Hangovers Part of The Game

Teams can have tough times following emotional games

College Football Preview: Week 5

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> B.J.: Say What?  |  Amsinger: Picks  |  Sorenson: 10 Questions  |  Braff: Inflated Irish
> Hart: Processing The Process  |  Trev: Hangover Saturdays  |  Can The Cards Be Saved?
> Blackburn: Dorsey Deserves More Pub  |  Crystal Ball: Weekend Predictions
> Caparell: Ducks Season Begins Saturday

Sept. 26, 2007

By Trev Alberts

Special to CSTV.com

 



TREV ALBERTS

Trev Alberts is a football analyst for CSTV and CSTV.com.
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You've got college football questions and CSTV football analyst Trev Alberts has answers and opinions. Each week Alberts will be answering questions and queries on the world of college football. So if you've got a question for Trev? Just ask him.

 

Did last weekend's win over Penn State prove anything for Michigan. Can they really compete for the Big Ten title? - Joe Penero, Cleveland


 

 

 

Absolutely. It proved an awful lot, like how Mike Hart has taken over the leadership of his team. As coach Osborne used to always tell us, coaches can only do so much -- ultimately the team belongs to the seniors. Hart did it in a public way and Jake Long and other seniors might have done it in a more private way. The players have stepped up and let's face it; Penn State was probably overrated in the first place. They were never going to be a top five team. It didn't take much to see through that.

 

Michigan obviously rebounded nicely. I think their confidence is higher and the defense is playing better with a renewed sense of urgency. I was really impressed and happy for Lloyd Carr after the beating he took to rally his team to two straight victories. They've made a lot of progress, and as we've pointed out before, the last time Michigan started 0-2, they won the Big Ten.

 

Michigan was built to beat teams like Penn State and I just think they match up fairly well with all the teams in the Big Ten with the exception of Ohio State. The conference will probably come down to that last game in November when the Wolverines host the Buckeyes.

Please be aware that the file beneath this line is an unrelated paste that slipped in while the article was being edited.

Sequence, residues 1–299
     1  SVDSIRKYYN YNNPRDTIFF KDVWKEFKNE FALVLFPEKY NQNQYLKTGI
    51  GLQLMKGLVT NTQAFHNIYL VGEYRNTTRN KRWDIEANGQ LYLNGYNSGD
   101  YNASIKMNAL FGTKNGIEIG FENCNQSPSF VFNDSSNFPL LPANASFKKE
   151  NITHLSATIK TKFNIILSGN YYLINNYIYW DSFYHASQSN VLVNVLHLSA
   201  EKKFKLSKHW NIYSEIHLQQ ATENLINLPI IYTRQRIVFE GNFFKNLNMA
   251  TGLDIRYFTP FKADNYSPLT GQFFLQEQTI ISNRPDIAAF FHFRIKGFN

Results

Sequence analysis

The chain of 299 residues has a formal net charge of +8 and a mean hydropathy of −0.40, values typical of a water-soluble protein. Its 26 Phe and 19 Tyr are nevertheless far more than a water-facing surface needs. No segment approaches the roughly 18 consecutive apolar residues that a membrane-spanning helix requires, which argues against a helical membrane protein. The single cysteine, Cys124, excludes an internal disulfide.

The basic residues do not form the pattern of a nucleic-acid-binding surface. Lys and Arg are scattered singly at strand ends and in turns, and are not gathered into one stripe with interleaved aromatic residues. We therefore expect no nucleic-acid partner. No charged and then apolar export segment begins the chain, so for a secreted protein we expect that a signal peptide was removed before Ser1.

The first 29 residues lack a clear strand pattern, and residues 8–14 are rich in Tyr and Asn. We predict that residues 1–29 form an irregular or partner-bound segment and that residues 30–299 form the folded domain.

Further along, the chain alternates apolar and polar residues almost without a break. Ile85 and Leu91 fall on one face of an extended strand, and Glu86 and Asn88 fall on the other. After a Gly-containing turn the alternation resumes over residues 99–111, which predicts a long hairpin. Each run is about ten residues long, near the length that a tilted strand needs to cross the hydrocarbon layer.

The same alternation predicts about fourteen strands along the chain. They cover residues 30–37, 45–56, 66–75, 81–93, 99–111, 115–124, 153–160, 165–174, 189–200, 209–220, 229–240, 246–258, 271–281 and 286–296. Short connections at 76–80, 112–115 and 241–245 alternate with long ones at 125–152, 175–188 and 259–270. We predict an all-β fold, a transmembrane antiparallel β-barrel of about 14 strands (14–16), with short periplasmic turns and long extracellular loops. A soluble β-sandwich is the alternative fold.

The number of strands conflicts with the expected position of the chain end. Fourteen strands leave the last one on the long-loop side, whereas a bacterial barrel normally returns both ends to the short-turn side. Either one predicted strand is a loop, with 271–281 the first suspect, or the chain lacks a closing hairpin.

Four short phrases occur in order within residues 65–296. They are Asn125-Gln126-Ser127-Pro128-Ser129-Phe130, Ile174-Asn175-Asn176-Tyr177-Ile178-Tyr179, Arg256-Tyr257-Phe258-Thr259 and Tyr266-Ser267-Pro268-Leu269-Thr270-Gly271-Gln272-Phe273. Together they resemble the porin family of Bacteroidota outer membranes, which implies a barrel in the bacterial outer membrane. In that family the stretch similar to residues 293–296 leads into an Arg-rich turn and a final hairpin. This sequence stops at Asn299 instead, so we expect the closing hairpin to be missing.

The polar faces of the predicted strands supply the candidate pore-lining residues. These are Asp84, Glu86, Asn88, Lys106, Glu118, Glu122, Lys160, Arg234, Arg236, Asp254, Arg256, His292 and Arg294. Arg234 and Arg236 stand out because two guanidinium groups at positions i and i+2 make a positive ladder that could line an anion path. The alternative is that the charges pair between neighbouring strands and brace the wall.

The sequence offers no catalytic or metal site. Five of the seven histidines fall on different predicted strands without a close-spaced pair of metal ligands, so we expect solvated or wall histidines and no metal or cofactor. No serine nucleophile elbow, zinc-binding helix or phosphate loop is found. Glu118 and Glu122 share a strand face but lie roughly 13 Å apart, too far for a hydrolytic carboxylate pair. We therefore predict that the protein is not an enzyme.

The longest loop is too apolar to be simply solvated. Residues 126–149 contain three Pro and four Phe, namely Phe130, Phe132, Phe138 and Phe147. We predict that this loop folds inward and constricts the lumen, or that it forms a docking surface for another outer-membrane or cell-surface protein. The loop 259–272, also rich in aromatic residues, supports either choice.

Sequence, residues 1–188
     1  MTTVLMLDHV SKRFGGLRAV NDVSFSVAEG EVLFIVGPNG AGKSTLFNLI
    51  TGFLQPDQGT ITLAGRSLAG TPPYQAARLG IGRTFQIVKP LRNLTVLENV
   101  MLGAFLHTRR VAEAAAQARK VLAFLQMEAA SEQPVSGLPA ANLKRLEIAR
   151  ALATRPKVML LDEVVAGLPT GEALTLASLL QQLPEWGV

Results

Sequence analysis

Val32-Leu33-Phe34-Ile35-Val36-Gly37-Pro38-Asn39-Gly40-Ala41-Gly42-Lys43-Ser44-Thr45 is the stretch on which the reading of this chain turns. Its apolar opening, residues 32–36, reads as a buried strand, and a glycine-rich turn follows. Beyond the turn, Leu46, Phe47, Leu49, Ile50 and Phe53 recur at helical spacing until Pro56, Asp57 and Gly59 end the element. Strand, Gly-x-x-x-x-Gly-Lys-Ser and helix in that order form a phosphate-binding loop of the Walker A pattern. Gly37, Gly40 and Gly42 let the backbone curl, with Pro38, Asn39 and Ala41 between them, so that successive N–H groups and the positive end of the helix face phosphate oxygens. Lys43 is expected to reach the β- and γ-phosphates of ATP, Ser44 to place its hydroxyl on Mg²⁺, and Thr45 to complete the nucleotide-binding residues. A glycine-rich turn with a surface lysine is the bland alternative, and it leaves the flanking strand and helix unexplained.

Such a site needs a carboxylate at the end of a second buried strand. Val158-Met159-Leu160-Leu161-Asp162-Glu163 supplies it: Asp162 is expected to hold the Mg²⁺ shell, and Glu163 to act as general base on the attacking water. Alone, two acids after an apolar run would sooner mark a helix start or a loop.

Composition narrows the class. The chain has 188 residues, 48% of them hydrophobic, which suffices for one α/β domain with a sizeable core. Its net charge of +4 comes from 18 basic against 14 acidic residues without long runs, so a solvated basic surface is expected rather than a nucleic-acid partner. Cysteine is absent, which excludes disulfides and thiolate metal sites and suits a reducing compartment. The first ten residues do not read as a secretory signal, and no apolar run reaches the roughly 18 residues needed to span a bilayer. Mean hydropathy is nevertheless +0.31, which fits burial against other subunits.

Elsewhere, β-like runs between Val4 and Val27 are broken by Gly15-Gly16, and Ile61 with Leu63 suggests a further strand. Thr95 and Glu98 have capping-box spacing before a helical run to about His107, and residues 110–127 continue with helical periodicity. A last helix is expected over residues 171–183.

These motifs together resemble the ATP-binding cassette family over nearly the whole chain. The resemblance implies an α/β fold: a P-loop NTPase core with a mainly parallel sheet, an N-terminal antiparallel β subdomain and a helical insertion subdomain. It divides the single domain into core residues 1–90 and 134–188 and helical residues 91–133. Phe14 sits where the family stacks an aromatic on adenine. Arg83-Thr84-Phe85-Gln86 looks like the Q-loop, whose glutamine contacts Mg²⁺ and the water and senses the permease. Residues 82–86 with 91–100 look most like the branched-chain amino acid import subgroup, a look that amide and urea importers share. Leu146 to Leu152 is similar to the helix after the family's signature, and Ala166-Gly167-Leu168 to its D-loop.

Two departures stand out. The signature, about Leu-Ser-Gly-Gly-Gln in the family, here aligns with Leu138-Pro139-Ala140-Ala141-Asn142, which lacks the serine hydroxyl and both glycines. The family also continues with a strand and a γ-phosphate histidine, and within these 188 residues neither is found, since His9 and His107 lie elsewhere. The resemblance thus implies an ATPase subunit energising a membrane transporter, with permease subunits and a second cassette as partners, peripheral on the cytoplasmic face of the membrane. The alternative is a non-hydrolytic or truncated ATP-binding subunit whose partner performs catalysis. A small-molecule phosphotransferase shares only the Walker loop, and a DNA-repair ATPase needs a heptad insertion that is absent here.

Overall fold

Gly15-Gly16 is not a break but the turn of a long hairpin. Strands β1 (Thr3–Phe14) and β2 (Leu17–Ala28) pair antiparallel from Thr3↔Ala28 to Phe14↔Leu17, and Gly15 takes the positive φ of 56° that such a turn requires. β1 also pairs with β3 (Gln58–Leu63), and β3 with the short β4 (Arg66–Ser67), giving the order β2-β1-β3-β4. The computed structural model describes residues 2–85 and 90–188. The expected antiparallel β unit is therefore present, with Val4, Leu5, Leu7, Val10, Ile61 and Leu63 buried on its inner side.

Has the new kickoff rule had the kind of impact you expected. It seems like teams are getting better field position each kickoff, but a number of them are still going into the end zone. So much for the idea that there wouldn't be anymore touchbacks. - Andy, Massachusetts

 

I guess you could make the argument that the kickoff rule was supposed to have a huge impact. I just don't really see it. I haven't seen a bunch of injuries. I haven't seen teams starting off at the 50-yard line. I haven't seen a whole bunch of kickoff returns for touchdowns. So I think it's much ado about nothing. That being said, if you have a kicker who can't kick well, I don't know why you don't see more teams just kick it out of bounds. Why even risk it.

 

Teams that had good return teams still have good return teams and teams that have struggled covering kickoffs are still going to struggle.

 

As a player, is there really such a thing as a Saturday Hangover? A few teams that lost close games the week before really struggled with games they should have won easy this week like Nebraska and Florida. - Christa Wallace, Ottawa, Illinois

 

I think there is a hangover effect. Partly, it's due to the fact that you have teams -- like Nebraska and Florida -- which played high-profile, emotional games with a lot of energy in front of a national audience where statements were trying to be made. The next week, the game isn't on national TV and nobody is excited.

 

Motivation is a huge factor in college football, as it is in many other sports, but in college football its even more so and I think the good teams don't play down to their competition. Florida showed that it's a young team that will battle ups and downs all year. Just because they're so young, they're going to make a lot of mistakes, but hope their offense and general athleticism can overcome it. Nebraska's hangover wasn't necessarily from user inexperience, but just that they continue to be very, very poor, especially on the defensive side of the ball.

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